From School Library Journal
Gr 3-6-A story based on the life of Maria Rind, who lived in Williamsburg during the 1770s. On the eve of the War for Independence, the child is mourning the death of her father, official printer to the House of Burgesses. Of necessity, her mother takes over the printing business, and the nine-year-old must take over the household tasks and the care of her three younger brothers. She is frustrated and jealous when her older and somewhat lazy brother becomes an apprentice to their mother, but her poor reading and writing skills, as well as her gender, prevent her from being elevated to more important work. During the months before the official printer is to be named, their mother holds the business together and even dares to print news of Colonial dissent. With the help of Thomas Jefferson and other men of power, she is awarded the position. The plot moves swiftly, and the characters are well developed. The story is much more realistic and personal than books in the "Dear America" series (Scholastic) since it is based on an actual person. A prologue in which modern-day children are visiting Colonial Williamsburg helps to set the scene. A concluding author's note briefly reviews Maria Rind's life, followed by information about Williamsburg, printing in the 18th century, and childhood during Colonial times. For young readers who enjoy historical fiction, this is an excellent choice as it offers information and insight and focuses on a memorable character.-Carolyn Janssen, Children's Learning Center of the Public Library of Cincinnati and Hamilton County, OH
Copyright 2001 Cahners Business Information, Inc.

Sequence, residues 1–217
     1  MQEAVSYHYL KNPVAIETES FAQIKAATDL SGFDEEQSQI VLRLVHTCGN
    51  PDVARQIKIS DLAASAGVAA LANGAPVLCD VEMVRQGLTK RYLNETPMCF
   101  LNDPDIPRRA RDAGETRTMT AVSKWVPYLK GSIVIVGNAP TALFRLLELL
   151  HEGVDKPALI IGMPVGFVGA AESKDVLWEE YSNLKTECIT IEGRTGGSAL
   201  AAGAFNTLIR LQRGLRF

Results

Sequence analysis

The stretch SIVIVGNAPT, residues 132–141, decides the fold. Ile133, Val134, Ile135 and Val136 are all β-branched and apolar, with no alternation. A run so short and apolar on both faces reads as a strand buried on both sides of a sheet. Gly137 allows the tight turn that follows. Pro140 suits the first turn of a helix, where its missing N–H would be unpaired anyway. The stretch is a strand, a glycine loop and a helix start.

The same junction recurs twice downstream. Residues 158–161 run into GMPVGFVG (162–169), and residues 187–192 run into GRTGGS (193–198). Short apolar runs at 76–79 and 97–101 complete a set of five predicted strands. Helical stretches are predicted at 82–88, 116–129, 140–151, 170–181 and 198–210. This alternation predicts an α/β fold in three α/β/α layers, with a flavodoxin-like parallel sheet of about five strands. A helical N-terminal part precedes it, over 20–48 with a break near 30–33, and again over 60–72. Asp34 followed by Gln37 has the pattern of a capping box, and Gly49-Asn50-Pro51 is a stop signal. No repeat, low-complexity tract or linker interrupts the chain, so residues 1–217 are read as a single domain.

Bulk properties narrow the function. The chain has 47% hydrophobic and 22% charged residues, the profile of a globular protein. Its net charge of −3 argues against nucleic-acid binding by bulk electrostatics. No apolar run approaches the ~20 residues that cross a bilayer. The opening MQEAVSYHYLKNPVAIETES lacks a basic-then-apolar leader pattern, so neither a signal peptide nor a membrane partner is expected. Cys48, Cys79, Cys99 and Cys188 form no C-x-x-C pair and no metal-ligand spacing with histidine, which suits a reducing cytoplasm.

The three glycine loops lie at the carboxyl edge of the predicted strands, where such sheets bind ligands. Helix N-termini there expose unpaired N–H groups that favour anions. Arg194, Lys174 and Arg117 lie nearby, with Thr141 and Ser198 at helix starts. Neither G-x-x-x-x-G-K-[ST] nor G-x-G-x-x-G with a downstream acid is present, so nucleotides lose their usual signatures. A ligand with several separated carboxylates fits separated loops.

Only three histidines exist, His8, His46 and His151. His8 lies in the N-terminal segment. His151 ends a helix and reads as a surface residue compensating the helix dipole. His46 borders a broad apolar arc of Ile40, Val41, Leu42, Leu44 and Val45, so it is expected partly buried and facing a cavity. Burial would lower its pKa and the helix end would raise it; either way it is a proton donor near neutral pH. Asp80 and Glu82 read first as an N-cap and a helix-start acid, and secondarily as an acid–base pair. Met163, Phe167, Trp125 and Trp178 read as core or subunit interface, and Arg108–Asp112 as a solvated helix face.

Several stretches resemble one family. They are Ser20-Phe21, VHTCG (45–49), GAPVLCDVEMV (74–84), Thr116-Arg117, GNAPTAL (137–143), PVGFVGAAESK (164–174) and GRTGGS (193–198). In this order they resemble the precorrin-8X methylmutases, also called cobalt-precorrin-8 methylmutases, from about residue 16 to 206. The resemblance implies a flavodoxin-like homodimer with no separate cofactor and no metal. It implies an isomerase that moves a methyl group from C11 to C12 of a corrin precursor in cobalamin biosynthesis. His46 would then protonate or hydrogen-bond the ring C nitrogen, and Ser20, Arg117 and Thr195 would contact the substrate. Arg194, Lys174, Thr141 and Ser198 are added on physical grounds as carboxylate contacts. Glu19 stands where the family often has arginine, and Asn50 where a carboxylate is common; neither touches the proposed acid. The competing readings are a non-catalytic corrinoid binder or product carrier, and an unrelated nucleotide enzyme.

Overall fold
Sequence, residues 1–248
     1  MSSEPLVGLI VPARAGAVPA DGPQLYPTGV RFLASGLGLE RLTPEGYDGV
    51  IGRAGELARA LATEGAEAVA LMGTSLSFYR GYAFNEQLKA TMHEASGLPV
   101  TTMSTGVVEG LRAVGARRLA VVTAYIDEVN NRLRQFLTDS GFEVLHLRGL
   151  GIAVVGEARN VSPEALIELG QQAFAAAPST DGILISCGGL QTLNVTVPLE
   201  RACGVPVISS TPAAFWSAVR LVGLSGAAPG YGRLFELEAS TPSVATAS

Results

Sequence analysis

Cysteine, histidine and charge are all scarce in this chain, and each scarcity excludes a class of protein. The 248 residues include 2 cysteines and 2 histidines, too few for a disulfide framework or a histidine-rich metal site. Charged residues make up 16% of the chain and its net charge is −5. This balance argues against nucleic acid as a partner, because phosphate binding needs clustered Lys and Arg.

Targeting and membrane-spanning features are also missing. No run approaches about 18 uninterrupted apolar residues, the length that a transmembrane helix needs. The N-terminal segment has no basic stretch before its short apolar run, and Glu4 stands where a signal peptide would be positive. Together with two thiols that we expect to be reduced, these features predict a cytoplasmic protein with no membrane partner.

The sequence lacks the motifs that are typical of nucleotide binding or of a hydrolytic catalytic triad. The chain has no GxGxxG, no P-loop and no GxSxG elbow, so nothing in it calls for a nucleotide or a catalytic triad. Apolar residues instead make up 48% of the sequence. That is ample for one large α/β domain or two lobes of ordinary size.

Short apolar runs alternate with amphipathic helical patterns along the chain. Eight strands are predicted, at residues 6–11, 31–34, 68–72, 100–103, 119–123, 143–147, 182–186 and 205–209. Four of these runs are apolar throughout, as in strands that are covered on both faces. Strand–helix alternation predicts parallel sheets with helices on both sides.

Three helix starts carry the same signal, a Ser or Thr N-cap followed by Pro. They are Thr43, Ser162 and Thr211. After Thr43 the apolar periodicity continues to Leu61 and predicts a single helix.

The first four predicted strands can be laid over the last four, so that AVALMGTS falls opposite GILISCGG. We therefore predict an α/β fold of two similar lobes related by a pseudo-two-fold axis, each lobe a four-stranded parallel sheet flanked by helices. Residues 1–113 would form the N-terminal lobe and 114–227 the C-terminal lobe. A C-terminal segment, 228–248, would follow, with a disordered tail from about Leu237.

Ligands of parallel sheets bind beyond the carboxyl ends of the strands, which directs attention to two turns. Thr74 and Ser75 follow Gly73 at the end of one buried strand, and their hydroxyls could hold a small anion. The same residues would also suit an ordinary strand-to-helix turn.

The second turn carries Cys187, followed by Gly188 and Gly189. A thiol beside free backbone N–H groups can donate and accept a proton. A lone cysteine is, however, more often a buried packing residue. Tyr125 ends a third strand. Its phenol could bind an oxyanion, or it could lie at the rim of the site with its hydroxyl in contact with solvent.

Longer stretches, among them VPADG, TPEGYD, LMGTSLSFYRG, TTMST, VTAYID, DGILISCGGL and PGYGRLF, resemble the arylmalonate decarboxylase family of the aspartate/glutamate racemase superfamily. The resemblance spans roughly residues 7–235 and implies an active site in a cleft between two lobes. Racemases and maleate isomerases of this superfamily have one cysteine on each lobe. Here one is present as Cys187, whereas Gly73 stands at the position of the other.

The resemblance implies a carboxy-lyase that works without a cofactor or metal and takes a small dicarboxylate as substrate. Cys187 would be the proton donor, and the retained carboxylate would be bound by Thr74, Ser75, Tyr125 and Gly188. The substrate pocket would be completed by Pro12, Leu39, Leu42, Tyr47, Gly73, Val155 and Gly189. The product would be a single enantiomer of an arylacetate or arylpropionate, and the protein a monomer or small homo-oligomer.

Gr. 3-6. Like the other books in the Young Americans Colonial Williamsburg series, this begins and ends with a modern framework story: children are gathered around a colonial Williamsburg interpreter to hear a story about Maria Rind, who lived in the town long ago. The fictional Rinds, based on a Williamsburg family, find themselves in a difficult position. Maria's recently widowed mother publishes The Virginia Gazette
, an unbiased newspaper to be read by a populace increasingly divided by political tensions. When Maria overhears Loyalists criticizing the paper, she worries that her mother will lose the government contract for printing and with it their printing press and their home. Readers will find Maria a sympathetic heroine; they will learn about the issues and events of 1773, such as the Boston Tea Party. Back matter includes an excellent author's note about the people the characters represent and extensive, illustrated notes on Williamsburg, printing, and childhood in eighteenth-century Virginia. A rewarding addition to the series. Carolyn PhelanCopyright © American Library Association. All rights reserved